First meeting of the year was successful and productive. May we face our responsibilities throughout the year with as much vigor as when we started.

Cheers to 2018! :)

On Learning How to Fly

“Sometimes you just have to take the leap and build your wings on the way down.”
― Kobi Yamada

It’s actually happening. When the first speaker pubmat was published this evening, when I read the answers of the people who registered for the event, when I looked at the HEED Facebook page and saw that the posts are reaching thousands of people now. I didn’t know how to feel. I stared at my computer screen for a long time. I couldn’t believe it. It was real. Suddenly, I found myself in tears. I cried because I was so grateful and happy and scared and excited all at the same time. 6 years. There is overflowing gratefulness in my soul right now.

I am grateful to the Universe for giving this opportunity. For giving me patience and stubbornness, because without these I would have given up on this advocacy a long time ago. When I was laughed at in front of 120 people for pitching my social enterprise. When some people close to me thought I was crazy for prioritizing community service over the more “prestigious” side of engineering. The Universe granted me stubbornness when I couldn’t find anyone (yet) with the same passion to support my idea of establishing a humanitarian engineering program in our beloved university.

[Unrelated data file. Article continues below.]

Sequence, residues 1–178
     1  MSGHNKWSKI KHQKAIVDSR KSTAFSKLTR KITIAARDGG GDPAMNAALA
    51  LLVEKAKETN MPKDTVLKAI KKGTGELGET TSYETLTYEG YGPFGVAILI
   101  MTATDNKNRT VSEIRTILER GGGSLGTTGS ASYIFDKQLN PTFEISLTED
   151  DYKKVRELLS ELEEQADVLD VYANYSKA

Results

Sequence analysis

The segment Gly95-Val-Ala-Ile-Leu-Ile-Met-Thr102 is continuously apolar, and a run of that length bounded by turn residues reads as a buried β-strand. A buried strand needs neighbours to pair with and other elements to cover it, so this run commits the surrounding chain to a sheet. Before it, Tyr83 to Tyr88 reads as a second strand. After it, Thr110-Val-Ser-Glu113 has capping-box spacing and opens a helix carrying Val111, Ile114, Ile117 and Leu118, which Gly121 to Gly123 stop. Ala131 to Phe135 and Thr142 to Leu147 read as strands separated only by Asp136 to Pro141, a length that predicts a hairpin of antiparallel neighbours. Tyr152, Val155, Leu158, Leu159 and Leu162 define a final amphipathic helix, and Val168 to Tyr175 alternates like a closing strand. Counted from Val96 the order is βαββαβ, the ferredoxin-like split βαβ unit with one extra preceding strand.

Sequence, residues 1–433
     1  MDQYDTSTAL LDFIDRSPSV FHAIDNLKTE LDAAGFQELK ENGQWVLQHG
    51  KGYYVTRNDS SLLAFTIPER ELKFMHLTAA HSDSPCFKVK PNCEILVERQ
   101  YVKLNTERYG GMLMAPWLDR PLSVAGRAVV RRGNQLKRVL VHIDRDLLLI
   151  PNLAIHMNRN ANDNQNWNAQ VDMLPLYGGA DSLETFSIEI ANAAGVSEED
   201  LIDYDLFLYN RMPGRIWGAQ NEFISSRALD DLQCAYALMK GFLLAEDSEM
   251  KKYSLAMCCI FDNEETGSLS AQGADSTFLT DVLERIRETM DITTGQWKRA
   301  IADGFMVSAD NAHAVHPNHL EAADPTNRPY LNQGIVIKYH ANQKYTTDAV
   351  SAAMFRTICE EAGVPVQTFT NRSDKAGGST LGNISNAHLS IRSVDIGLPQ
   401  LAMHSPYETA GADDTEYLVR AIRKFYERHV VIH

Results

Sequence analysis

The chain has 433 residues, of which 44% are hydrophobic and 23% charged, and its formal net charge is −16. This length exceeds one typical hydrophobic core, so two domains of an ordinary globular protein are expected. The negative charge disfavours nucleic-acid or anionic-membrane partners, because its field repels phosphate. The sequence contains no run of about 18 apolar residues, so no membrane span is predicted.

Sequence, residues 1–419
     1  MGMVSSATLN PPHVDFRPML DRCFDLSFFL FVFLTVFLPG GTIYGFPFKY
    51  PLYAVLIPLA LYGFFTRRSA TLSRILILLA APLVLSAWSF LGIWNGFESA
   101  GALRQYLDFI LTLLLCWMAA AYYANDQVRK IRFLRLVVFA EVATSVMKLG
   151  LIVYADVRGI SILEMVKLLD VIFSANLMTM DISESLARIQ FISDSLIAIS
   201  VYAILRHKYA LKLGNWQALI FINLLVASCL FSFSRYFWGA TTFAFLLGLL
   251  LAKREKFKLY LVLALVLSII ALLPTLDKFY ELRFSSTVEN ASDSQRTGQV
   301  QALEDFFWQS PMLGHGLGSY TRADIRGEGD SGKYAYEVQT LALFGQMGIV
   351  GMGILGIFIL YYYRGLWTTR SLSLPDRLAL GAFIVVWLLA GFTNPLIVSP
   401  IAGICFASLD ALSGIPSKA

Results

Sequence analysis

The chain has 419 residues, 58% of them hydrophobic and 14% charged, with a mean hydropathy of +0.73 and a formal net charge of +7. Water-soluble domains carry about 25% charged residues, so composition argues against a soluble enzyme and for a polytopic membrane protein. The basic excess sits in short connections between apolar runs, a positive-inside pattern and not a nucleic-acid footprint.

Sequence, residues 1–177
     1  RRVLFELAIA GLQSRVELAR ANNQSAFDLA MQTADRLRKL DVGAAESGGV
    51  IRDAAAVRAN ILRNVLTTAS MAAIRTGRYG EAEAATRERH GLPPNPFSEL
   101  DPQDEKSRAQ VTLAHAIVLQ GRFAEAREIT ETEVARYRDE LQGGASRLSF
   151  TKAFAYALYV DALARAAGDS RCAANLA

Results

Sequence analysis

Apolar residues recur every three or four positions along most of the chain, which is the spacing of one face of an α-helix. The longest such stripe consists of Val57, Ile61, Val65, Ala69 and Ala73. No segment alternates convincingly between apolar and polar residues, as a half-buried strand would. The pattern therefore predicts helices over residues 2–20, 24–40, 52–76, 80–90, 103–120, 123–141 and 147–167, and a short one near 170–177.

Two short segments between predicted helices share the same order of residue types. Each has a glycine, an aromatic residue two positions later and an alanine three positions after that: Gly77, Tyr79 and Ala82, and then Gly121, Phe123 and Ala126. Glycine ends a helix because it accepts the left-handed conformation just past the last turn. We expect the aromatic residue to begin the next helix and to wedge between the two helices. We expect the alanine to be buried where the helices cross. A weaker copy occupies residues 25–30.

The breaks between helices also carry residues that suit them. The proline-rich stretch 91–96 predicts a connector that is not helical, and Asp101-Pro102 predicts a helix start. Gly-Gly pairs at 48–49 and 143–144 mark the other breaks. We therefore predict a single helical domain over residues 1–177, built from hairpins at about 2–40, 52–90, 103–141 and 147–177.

I am grateful to UP students. They were the first ones who listened and took notice of my advocacy. It was my students who showed genuine passion for the idea of service-learning and humanitarian engineering. They showed their passion through fearless action. For every project they showcased to either a public high-school student or another college or the public, I saw how they went the extra mile by doing things beyond what was required of them. They owned each event. They owned each project. Even if the challenge was huge and it was their first time doing it, they faced it. And seeing that fearless passion kept me going. They gave me hope that HEED had a chance of becoming a reality.